Four decades later, a Jewish iconoclast’s searing film gets its debut
After nearly four decades of waiting, Michael Roemer feels “completely fatalistic” about his most recent film’s theatrical debut.
“I have no idea whether anyone will like it, whether anyone will go and see it,” Roemer said from his home in Vermont. “And if they do, it’s wonderful, and if they don’t, at 94, it’s not gonna make any difference.”
It is in many ways typical for Roemer, the Berlin-born director of 1984’s “Vengeance is Mine,” which debuts at Film Forum May 27, to receive late recognition.
His film “Nothing But a Man,” about an itinerant Black railway worker in the American South, was lauded at Venice on its premiere in 1964, but it wasn’t widely seen until it was rereleased in 1993, the same year the Library of Congress selected it for preservation. It remains powerful, trenchant and like little else of its era.
His follow up, “The Plot Against Harry,” a hilarious and by turns bizarre 1969 comedy about a small-time Jewish racketeer, was ahead of its time. Roemer recalls a Jewish studio head walking out of the screening room, saying “I don’t have a Jewish sense of humor.”
“We were all supposed to be a certain kind of person,” Roemer told me, in a bright German accent, undiluted by his nearly eight decades in America. “I wasn’t that kind of person myself — and I wasn’t going to pretend that I was.”
“Harry” did not receive a general release until 1989, by which time the world was ready for its now-celebrated sensibility, following decades of cultural exposure to Woody Allen and Philip Roth. (Roemer says he was asked to direct the film of Roth’s “Goodbye, Columbus,” but was busy making “Harry” — his own Jewish movie — at the time.)
“My timing is very poor,” Roemer said. “You have to meet the audience where they are. I actually — it’s a horrible thing to say — but I don’t even think about the audience.”
Roemer focused instead on writing and directing “Vengeance is Mine” as if it would be his last film. It’s about a Seattle businesswoman who returns home to Rhode Island and enmeshes herself with a damaged family. He said he couldn’t worry about landing another film deal, knowing that mindset would not produce the best results.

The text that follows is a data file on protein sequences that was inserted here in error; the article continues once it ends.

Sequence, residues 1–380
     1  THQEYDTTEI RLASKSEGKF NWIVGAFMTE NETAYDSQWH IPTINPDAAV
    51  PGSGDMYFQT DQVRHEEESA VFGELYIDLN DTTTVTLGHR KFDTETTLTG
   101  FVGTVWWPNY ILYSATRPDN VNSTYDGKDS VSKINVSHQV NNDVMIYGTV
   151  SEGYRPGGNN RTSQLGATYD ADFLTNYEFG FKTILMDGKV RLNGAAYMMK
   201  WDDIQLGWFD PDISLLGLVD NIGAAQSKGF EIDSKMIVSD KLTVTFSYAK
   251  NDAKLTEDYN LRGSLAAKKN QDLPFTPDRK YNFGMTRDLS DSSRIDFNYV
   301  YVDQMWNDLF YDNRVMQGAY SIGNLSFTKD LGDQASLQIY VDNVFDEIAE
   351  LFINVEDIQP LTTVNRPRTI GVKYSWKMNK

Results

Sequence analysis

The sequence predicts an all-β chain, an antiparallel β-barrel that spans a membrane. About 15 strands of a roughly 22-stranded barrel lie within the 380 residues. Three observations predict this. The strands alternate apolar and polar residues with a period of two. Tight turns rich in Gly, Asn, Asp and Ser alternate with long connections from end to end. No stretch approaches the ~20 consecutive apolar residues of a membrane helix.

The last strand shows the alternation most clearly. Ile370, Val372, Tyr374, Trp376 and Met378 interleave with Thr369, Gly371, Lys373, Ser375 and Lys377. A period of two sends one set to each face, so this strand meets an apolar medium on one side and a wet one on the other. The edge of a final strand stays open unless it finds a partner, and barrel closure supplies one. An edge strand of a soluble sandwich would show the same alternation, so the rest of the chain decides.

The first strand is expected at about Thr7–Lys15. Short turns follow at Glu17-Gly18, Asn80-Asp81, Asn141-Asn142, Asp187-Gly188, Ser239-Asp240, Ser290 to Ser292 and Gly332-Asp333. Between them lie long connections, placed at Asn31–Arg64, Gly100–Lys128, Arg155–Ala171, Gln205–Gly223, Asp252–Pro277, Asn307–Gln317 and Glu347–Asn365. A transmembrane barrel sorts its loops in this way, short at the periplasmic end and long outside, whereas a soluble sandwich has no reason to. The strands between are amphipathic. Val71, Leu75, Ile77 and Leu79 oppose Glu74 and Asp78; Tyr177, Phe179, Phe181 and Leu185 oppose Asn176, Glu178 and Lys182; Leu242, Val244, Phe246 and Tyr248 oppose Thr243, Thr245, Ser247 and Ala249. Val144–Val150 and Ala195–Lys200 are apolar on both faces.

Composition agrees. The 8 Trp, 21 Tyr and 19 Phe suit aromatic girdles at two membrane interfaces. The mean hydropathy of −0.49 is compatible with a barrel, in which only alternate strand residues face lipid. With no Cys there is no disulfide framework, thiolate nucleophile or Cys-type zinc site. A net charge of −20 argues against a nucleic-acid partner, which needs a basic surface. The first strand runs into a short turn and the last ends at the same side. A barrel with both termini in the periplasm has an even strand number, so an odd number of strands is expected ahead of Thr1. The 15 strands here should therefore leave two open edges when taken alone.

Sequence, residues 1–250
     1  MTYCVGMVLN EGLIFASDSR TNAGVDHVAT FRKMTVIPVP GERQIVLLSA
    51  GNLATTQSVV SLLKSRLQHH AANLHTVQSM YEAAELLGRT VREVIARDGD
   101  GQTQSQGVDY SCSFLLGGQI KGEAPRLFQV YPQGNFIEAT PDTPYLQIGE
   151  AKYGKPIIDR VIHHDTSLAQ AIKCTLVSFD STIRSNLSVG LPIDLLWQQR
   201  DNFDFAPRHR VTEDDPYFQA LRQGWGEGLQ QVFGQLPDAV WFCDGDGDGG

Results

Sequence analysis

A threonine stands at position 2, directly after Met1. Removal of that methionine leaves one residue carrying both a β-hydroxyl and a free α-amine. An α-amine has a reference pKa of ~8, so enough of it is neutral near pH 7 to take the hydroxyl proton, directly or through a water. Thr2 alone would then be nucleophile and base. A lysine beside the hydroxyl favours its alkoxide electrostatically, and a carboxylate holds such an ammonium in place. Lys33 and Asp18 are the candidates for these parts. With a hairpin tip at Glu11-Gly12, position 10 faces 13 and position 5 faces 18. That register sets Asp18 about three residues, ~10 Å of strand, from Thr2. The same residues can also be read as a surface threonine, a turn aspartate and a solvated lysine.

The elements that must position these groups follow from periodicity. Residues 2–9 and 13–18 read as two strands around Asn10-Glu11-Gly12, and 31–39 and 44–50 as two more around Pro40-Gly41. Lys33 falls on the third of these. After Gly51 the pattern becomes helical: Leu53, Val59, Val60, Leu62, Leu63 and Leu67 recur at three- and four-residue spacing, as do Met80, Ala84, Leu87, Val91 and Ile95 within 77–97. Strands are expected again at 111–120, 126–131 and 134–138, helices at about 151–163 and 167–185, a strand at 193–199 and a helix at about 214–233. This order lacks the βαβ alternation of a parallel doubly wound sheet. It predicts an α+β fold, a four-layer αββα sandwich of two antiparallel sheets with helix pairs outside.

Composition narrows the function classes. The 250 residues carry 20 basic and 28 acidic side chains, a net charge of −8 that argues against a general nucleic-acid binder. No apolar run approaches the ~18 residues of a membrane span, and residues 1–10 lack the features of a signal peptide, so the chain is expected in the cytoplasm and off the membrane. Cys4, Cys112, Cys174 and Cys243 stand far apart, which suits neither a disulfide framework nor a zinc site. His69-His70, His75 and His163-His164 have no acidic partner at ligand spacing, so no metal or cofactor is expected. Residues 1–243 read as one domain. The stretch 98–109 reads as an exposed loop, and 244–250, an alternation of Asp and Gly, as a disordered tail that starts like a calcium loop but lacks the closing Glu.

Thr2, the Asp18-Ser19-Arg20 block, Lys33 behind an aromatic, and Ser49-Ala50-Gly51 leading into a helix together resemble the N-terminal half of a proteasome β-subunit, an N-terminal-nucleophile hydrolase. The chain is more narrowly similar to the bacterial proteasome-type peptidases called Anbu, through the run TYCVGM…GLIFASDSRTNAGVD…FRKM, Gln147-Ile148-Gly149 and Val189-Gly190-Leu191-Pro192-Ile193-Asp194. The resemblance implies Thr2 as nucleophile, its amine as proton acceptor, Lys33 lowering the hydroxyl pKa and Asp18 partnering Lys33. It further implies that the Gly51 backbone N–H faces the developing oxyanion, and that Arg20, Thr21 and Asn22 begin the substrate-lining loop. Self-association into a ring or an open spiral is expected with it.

“I don’t like manipulating people,” Roemer said. “And I don’t like manipulating the film so I get to make another movie.”
To date, he hasn’t. While 1961 footage shot by him and his collaborator, Robert M. Young, was used in the 1993 documentary “Children of Fate,” Roemer has spent the last few decades teaching (he retired from the Yale School of Art in 2017) and writing books on storytelling, filmmaking and laughter.
Roemer’s films have the mark of a director following his muse. They often feel more like experiences than tightly plotted narratives. They resemble life in that the trip from point A to point B is rarely linear, but driven by character choices and happenstance. The stories meander, taking detours, and sometimes, as in “Vengeance is Mine,” end up back at their beginning, our protagonist forever changed but arriving at the same point of entry. In Roemer’s world, people meet people and connect before they fail to find common ground. People who are family are strangers. People who should be strangers become family. And nearly everyone is a guiltless victim of themselves or their circumstances, no matter how monstrously they behave.
The writer-director’s own life tracks with this nonlinear course. Born to a well-off family in Berlin on the first day of 1928, Roemer had just turned 5 when Hitler rose to power. His family, he says, was an unhappy one, though he faults no one for this unhappiness. Explaining the germ of the idea for “Vengeance is Mine,” which focuses on an emotionally abusive mother, her daughter and a stranger who enters their life, Roemer said that, when he was growing up, his house was controlled by a “sadistic” governess.
When he was just a boy, the governess told him how she watched her father beat her mother. “She didn’t make the connection between what she was doing to me and what she had to suffer herself,” Roemer said. Though his mother let the governess run the home for eight years, he doesn’t blame his mother, or even the governess.